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AMC CEO Is Buying the Dip, But It's Not What You Think

AMC Entertainment Holdings (NYSE: AMC) has been experiencing a major sell-off in the last month. Indeed, AMC stock is down by over 30% during that time. The stock is the subject of attention among traders who gather together on Reddit and other social media sites.

The decrease in AMC's stock price has the trader group encouraging each other to buy the dip. AMC's CEO Adam Aron is buying the dip in one regard, although perhaps not in the way that AMC's fanboys would like him to. Aron announced AMC would be acquiring two Los Angeles theaters that were closed by the pandemic.

Image source: Getty Images.

Buying theaters on the cheap

The deal for The Grove and The Americana at Brand theaters would have AMC reopen both to moviegoers in August. The locations have been closed for more than a year since the pandemic onset. However, in 2018 each was in the top five in terms of highest-grossing movie theaters in Los Angeles. The city itself is one of the top two cities for moviegoers, along with New York.

Here's what CEO Adam Aron had to say on the matter in a press release:

The Grove and The Americana at Brand theatres are among the most successful theatres in the greater Los Angeles area, and we look forward to delivering the high-quality experience for guests visiting these theatres that AMC is known for in the Los Angeles area and nationally. AMC is proud to be expanding in the movie-making capital of the world. And we are eager to get started as soon as possible, showcasing for our guests at these two theatres the exciting lineup of movies scheduled throughout the rest of 2021.

Acquiring competing movie theaters on the cheap could be one strategy that pulls AMC out of the financial troubles caused by the pandemic. Still, the company's balance sheet is not that strong. With $813 million in cash, $5.4 billion in debt, and operations that are just now starting to recover, it could be challenging for acquisitions as a growth strategy.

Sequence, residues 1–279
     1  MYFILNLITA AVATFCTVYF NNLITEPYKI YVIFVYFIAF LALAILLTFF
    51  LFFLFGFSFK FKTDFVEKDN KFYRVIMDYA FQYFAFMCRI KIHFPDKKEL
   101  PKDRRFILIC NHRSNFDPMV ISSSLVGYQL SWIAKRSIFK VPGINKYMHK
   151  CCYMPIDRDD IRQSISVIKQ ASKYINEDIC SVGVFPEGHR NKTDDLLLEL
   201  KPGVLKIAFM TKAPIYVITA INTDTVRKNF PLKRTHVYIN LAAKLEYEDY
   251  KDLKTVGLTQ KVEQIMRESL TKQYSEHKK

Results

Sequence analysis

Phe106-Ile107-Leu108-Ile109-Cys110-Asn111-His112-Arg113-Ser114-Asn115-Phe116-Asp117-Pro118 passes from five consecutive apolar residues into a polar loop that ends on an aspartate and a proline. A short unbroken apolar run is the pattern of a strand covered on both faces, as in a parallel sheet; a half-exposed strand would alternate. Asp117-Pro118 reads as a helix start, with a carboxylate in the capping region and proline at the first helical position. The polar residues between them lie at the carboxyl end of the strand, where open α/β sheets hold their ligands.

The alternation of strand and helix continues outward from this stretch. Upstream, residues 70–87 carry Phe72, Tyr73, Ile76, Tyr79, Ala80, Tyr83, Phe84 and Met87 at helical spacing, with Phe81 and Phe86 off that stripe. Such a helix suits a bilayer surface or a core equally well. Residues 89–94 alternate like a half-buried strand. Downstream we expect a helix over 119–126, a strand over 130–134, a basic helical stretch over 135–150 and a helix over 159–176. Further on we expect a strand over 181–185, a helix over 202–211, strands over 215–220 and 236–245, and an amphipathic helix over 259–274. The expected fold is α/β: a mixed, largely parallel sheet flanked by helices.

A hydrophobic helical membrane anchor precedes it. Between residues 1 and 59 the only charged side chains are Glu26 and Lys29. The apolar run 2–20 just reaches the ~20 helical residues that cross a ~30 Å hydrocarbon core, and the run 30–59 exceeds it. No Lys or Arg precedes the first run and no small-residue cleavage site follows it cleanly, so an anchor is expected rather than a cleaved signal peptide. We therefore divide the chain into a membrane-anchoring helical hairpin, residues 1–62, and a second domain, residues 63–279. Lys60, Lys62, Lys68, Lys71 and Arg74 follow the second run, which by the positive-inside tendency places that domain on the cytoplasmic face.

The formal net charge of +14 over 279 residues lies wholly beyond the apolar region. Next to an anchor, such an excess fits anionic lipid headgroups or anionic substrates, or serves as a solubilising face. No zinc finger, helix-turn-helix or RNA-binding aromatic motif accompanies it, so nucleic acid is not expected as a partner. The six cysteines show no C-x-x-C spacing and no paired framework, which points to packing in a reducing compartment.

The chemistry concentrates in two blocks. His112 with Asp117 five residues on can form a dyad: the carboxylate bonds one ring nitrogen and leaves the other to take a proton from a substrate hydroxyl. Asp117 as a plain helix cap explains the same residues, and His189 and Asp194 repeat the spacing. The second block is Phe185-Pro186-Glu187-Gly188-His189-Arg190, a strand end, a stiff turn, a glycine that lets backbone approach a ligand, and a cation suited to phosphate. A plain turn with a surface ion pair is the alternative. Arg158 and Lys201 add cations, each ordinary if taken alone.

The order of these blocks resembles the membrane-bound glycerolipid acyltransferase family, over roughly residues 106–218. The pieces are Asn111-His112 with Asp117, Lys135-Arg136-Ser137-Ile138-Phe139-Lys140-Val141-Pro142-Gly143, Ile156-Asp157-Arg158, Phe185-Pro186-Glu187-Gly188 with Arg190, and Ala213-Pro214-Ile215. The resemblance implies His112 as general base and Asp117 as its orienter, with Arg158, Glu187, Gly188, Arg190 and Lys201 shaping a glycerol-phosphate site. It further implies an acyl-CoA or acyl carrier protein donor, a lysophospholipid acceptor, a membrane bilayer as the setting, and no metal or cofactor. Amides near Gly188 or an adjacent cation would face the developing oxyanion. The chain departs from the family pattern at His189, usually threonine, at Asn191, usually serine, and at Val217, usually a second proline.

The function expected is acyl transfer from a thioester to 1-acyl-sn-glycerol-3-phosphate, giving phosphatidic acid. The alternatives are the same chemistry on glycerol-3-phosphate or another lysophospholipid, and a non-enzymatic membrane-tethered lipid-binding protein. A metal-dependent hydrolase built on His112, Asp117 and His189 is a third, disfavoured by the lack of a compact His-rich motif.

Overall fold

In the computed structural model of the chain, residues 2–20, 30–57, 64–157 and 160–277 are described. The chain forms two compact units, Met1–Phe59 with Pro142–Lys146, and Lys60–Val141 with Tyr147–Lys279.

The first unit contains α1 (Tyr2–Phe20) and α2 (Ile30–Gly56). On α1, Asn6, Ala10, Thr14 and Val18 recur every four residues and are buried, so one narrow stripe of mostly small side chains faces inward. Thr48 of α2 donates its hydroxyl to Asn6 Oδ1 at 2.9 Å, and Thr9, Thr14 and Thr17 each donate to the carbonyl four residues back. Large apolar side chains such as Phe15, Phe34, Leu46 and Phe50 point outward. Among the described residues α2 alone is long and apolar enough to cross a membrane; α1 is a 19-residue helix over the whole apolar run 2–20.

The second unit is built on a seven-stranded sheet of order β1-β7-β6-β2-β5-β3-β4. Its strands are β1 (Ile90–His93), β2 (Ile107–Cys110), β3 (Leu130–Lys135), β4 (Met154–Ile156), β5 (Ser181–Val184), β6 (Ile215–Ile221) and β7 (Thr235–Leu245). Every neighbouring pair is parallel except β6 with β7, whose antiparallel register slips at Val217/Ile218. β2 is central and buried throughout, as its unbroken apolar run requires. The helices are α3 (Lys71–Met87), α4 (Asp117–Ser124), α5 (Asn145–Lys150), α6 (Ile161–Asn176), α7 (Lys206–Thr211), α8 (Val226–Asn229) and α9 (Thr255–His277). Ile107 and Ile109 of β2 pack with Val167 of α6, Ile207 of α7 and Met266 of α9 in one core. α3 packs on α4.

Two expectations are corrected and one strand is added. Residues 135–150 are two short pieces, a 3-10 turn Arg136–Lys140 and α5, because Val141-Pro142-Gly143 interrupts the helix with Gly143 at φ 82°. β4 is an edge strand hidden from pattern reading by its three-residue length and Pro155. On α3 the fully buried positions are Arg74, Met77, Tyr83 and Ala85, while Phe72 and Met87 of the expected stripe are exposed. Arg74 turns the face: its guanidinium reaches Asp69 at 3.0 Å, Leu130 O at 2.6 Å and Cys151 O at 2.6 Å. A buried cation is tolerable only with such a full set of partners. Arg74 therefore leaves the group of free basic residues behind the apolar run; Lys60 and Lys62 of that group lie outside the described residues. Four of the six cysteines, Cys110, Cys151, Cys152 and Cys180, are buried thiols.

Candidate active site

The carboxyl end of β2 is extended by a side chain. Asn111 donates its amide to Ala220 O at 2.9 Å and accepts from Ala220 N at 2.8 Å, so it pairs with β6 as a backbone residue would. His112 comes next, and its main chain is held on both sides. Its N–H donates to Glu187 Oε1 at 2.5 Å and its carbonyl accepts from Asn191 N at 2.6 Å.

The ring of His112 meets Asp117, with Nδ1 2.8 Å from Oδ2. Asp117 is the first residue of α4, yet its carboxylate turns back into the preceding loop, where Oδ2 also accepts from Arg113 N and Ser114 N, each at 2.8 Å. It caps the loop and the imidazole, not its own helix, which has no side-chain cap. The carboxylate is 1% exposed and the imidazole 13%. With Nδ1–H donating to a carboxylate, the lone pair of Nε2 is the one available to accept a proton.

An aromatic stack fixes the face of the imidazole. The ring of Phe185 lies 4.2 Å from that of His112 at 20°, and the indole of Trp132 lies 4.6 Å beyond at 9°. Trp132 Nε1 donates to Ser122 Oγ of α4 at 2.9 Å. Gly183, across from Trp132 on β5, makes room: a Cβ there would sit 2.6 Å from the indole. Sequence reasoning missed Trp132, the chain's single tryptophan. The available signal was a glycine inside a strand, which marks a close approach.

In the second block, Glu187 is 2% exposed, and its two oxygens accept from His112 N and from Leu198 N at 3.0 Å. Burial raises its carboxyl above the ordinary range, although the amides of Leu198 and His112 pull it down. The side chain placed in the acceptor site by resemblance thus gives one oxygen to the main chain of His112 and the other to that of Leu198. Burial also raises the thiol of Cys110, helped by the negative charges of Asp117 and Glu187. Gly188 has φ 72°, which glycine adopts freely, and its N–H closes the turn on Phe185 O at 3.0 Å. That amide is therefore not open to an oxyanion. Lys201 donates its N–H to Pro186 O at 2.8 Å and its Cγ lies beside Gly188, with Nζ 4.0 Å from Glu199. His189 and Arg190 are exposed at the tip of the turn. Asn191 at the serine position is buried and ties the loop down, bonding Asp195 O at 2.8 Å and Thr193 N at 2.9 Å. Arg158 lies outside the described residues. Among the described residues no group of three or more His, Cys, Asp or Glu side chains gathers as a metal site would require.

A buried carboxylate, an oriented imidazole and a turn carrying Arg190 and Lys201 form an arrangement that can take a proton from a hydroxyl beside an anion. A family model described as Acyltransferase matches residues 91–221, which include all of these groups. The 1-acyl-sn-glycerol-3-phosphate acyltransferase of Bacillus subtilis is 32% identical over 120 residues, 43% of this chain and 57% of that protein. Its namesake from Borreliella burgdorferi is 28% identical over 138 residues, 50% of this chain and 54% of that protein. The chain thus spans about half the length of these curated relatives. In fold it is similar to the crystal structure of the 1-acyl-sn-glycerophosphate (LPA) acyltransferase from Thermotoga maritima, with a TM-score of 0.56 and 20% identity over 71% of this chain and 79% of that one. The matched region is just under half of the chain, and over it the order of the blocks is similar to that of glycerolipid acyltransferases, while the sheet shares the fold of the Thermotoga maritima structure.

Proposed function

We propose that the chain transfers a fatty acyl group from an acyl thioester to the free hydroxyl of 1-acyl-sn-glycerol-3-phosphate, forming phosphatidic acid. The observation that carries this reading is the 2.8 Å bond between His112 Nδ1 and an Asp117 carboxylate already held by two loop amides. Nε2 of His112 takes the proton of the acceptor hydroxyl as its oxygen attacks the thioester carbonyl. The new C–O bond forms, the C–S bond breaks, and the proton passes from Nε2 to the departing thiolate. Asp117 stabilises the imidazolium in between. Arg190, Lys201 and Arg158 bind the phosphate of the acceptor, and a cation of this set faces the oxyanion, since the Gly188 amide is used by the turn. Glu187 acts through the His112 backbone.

AMC shareholders can take some blame for handcuffing the company. Management proposed a vote among shareholders to authorize a sale of 25 million shares of AMC stock. The issuance had the potential, depending on investor appetite, to raise over a billion dollars in cash. That would have empowered management to buy more beleaguered theaters opportunistically or pay down its massive debt load. AMC shareholders balked at the idea. The new share sale could increase the supply of AMC stock and potentially lower its stock price.

What this could mean for investors

Although the move to buy the two theaters may be positive, it is only a small step forward. AMC is still facing a monumental turnaround task. The company lost money in two out of three years before the pandemic. Now, AMC has increased borrowing, which is making interest expenses an even greater burden. And it is still nowhere near bringing attendance to the levels before the outbreak.

The company is still overvalued compared to its financial condition. Add to that the challenges of operating a movie theater chain during a pandemic, and it's not a combination investors want to put money toward.

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Parkev Tatevosian has no position in any of the stocks mentioned. The Motley Fool has no position in any of the stocks mentioned. The Motley Fool has a disclosure policy.


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